So these are the 7 types of characters in fiction. Did you know about them already or was it the first time you heard about some of these? I’d love to hear about what kind of characters you personally prefer while reading fiction books or writing your own stories.
Here are some other great resources on types of characters and characterisation in general:
Creating Realistic Characters is an hour-long webinar on characterisation basics. I will be doing a follow-up Webinar with the advance techniques used for characterisation, so make sure you attend this one.
I will be giving away some really exciting gifts for this Webinar!
1 Signed Copy of my novel Deceived.
1 Signed Coffee Mug.
A kick-ass Character Profile Sheet Template with 50 character traits.
For these prizes, you will have to earn points and here is how you can do it:
1 Point for retweeting/sharing my tweets and posts related to this Webinar – 1 point per tweet/share.
2 Points for sharing about this Webinar on your social media platform.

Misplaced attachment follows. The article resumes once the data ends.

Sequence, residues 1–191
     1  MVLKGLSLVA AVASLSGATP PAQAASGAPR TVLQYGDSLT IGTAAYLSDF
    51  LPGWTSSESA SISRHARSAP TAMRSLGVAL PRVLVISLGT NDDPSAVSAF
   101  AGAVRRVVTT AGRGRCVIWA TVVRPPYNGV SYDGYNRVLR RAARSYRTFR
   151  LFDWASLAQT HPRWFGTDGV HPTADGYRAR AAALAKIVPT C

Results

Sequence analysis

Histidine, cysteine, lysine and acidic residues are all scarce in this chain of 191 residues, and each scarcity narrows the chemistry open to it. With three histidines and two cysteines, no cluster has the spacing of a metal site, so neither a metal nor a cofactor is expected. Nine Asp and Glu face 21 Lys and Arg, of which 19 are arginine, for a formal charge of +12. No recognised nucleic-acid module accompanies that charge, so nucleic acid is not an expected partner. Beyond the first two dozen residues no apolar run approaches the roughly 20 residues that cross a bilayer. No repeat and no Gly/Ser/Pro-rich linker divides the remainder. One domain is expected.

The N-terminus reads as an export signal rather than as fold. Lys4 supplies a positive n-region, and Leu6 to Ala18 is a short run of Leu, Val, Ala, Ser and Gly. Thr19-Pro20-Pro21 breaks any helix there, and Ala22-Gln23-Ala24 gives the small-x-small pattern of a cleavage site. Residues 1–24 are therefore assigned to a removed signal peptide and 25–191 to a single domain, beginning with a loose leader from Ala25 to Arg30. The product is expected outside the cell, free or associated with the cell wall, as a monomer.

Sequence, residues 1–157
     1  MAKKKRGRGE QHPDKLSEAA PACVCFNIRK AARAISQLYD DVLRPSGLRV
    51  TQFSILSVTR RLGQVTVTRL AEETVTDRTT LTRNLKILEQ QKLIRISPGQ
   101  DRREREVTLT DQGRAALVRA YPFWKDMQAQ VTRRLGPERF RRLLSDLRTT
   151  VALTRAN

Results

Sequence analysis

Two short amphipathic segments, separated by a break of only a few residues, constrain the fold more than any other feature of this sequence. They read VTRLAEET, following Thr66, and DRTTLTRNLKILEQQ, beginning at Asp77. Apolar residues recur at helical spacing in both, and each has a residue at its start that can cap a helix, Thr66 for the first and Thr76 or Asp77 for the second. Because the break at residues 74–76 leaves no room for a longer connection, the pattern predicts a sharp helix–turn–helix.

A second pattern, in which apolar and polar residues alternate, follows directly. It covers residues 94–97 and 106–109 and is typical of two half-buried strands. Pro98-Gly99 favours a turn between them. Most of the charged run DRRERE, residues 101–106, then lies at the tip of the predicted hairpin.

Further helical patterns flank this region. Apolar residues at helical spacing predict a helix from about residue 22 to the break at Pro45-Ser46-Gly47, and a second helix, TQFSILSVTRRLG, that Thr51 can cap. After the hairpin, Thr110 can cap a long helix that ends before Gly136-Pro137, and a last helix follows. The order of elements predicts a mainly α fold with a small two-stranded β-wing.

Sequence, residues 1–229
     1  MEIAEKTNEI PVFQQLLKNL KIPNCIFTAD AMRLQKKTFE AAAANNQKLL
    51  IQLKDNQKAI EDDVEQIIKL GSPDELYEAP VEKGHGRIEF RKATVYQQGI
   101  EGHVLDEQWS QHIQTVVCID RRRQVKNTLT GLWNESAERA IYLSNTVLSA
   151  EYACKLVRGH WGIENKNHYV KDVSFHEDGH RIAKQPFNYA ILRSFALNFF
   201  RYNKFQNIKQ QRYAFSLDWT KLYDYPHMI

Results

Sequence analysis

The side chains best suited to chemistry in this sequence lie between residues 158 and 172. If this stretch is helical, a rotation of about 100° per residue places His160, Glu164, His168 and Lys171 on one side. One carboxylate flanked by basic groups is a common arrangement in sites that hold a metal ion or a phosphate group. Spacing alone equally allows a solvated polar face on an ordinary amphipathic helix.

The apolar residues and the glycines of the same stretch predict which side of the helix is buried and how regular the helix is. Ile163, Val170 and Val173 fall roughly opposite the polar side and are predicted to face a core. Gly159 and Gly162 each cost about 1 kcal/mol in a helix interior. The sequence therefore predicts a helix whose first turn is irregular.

3 Points for sharing about this Webinar on your blog or website.
5 Points for creating a reel about this Webinar or my Youtube Channel.
1 Bonus Point for any kind of social media shout out for this Webinar.
Please make sure to Tag Me in your shoutouts, videos and posts otherwise you won’t be able to earn any points.
The participant with most points will received a signed copy of my book Deceived and the Character Profile Sheet Template The runner up will receive the coffee mug and the Character Profile Sheet Template. The next 8 people with highest points will receive the Character Profile Sheet Template.
So what are you waiting for?! Start sharing and earning points!
Plot, one of the 5 main elements of fiction writing, is a term that confuses many new as well as veteran writers. When it comes to Fiction Writing, there is a big difference in the Story and the Plot. If you want to learn the difference between Story and Plot then read this article: Story Vs Plot.
Plot is basically the logical sequence in which events happen in a story. These events and their sequence should make sense and take the story forward. They always follow the pattern of cause and effect or action and reaction and thus have a great impact on the characterisation too. Therefore, while working on a fiction story, it is very important to outline your basic plot before plunging into the depths of structuring.
Let’s have a look at what exactly makes up the plot:
The 5 Elements Of Plot In Fiction